I'm a scrub and I totally agree with that statement. Especially if we have been working with the surgeon for years. We have had some new nurses (and I said some, not all) that come in with the mentality that they are better than us because they are the nurse and we are just the scrub. Be sweet to your scrub or you may find yourself being sent out of the room to find an Otis Elevator
  7. 3
    Quote from aubgurl

    I'm a scrub and I totally agree with that statement. Especially if we have been working with the surgeon for years. We have had some new nurses (and I said some, not all) that come in with the mentality that they are better than us because they are the nurse and we are just the scrub. Be sweet to your scrub or you may find yourself being sent out of the room to find an Otis Elevator
    I know for a fact that a good scrub tech can make your day smooth or tough! I have a lot of respect for what they do. Scrubs have actually taught me a great deal about the OR. If you respect them, they will do the same.
  8. 0
    The Otis elevator, haha.. Thanks so much all of you! I will definitely respect and be sweet to everyone. I'm am so looking forward to starting. Thanks again for the advice everyone.
    Last edit by born2circulateRN on May 28, '13
  9. 1
    Quote from aubgurl
    I'm a scrub and I totally agree with that statement. Especially if we have been working with the surgeon for years. We have had some new nurses (and I said some, not all) that come in with the mentality that they are better than us because they are the nurse and we are just the scrub. Be sweet to your scrub or you may find yourself being sent out of the room to find an Otis Elevator
    Don't forget the Eustachian tube!
    born2circulateRN likes this.
  10. 1
    Quote from Sweet_Wild_Rose
    Don't forget the Eustachian tube!
    Ha ha! That's a good one too!
    hvnzangel99 likes this.
  11. 1
    Quote from born2circulateRN
    Thanks so much for the tips and Congrats as well! I will definitely keep your tips in mind. And do you have any recommended resources? I have Pocket guide for the perioperative nurse. But I haven't started reading it yet, so I probably should. And I know that you've only been in your fellowship for 3 weeks and everything is still new. But, what would say your biggest challenge is? Pros/cons?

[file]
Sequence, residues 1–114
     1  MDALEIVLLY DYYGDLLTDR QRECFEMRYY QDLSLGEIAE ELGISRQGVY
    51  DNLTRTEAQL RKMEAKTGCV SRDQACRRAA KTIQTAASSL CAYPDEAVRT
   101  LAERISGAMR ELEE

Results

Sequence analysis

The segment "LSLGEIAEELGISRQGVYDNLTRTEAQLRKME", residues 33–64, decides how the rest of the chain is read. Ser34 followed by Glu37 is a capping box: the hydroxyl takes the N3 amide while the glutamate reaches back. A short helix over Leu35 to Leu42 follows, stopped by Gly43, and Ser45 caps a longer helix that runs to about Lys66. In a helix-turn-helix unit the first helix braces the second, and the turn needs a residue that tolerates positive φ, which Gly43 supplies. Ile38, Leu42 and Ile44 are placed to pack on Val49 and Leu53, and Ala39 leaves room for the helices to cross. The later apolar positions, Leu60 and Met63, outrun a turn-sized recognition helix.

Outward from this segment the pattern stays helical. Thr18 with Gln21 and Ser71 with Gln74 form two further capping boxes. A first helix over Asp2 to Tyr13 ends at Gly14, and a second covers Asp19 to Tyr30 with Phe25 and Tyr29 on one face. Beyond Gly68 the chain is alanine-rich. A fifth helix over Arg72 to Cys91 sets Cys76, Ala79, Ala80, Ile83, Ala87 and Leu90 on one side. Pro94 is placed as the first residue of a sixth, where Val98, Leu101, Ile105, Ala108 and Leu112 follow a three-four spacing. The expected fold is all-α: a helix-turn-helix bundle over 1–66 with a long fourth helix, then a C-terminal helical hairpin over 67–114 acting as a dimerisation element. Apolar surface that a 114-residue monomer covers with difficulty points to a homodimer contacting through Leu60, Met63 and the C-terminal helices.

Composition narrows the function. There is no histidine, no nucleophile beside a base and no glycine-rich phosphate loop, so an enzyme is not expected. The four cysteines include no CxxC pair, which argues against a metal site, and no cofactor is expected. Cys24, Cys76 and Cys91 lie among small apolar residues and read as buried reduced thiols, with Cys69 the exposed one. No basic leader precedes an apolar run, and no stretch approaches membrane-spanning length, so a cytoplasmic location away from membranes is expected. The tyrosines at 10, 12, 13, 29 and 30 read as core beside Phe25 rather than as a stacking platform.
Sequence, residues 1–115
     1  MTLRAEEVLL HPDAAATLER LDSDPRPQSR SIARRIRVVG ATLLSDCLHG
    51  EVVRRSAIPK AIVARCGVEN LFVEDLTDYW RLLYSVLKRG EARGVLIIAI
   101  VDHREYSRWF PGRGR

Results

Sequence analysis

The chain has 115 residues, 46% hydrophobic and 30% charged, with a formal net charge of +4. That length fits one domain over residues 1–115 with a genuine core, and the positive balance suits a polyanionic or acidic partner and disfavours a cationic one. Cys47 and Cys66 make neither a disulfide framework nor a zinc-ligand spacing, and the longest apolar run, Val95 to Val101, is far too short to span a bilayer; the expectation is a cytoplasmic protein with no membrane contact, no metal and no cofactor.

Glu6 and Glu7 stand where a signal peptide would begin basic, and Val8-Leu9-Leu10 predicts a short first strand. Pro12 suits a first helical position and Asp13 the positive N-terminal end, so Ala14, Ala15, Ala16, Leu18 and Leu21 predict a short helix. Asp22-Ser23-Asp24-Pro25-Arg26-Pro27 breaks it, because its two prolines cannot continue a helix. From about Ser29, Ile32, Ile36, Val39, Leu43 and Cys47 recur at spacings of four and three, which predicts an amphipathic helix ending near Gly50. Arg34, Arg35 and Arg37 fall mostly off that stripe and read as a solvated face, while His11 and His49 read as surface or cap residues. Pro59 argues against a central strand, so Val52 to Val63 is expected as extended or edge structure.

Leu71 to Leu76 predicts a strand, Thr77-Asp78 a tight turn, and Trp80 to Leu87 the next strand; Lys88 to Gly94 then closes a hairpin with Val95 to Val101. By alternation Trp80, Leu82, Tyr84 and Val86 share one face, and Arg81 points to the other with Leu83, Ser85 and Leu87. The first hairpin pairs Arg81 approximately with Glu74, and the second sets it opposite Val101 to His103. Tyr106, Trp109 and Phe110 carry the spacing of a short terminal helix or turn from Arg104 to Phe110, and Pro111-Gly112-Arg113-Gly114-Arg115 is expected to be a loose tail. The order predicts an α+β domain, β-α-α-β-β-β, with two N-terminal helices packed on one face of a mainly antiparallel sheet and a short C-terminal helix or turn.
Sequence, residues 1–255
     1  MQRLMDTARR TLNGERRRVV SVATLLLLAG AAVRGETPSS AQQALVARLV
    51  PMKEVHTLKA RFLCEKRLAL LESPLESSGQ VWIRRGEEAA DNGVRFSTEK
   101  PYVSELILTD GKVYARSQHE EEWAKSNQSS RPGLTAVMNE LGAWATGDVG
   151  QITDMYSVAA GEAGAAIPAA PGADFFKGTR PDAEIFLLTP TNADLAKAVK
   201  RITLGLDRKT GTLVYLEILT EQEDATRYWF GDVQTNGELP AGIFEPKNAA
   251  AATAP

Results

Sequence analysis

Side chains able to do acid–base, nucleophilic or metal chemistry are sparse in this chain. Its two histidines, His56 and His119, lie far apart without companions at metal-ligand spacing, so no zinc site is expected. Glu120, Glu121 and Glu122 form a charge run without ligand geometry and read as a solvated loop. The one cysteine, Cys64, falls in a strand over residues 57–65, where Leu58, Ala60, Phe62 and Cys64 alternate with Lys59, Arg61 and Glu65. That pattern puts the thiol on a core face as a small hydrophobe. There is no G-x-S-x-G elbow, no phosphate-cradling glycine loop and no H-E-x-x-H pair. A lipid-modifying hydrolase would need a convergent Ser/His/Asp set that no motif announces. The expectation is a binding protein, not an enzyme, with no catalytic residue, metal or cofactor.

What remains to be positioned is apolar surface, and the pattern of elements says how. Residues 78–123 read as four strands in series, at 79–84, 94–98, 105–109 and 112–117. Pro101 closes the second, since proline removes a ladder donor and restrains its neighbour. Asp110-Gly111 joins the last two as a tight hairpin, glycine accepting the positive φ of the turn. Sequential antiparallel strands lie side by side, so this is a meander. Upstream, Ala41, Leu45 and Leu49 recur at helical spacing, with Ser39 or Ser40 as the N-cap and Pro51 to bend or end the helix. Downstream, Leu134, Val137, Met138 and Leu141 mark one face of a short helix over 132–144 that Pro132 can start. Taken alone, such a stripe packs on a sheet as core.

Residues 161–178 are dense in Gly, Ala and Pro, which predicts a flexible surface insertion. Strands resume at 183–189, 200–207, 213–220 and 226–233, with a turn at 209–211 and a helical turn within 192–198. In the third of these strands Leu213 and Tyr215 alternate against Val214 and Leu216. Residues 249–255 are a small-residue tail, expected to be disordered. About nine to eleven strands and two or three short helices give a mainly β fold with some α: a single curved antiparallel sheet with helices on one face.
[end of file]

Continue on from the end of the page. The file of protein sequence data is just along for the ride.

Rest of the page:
Thanks!

    Sent from my iPhone using allnurses.com
    I had to buy Alexander's Care of the Patient in Surgery as part of my Periop 101 class. I have not yet picked up the pocket guide yet but plan on it. Right now my biggest challenge is trying to develop my "OR ear." There's a lot of white noise in the OR, plus with everyone wearing masks it can be hard to hear the scrub or the surgeon ask you to get something so I always find myself saying "huh?" LOL. I'm thankful to have gone through this fellowship because it's helping to give me a strong foundation for what I need to know as a circulator (learning basic instruments and sutures can make your head spin!) based on the AORN standard. Some pros of my fellowship are that we practice opening sterile items, gowning and gloving, etc in the classroom setting so you don't feel completely useless at clinical and focusing on one patient at a time is great. Some cons would be not knowing where in the heck everything is, being assigned to a different service and preceptor every day (this may not be the case for you, but in the institution where I'm doing my clinical and will end up working at I will work in all the services except heart because they're specialized), and becoming familiar with the supplies and instruments needed for each procedure. Obviously none of this stuff is something you can learn overnight that's why I said try to set yourself goals to work on each week!
    born2circulateRN likes this.